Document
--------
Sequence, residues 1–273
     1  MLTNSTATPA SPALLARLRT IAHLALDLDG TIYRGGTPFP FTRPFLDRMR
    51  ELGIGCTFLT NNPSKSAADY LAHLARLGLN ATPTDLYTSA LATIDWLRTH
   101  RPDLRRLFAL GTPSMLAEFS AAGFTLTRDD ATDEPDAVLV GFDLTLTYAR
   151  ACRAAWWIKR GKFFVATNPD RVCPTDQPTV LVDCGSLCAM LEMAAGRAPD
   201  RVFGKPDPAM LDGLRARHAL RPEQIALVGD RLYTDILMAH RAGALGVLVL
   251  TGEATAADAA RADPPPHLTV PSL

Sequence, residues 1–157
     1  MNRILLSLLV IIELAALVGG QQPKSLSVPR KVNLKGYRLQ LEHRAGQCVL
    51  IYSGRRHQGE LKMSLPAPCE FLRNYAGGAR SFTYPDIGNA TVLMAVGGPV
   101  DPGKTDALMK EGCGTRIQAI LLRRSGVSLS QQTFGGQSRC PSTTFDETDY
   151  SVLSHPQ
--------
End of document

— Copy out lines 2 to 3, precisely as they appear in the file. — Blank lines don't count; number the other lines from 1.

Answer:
     1  MLTNSTATPA SPALLARLRT IAHLALDLDG TIYRGGTPFP FTRPFLDRMR
    51  ELGIGCTFLT NNPSKSAADY LAHLARLGLN ATPTDLYTSA LATIDWLRTH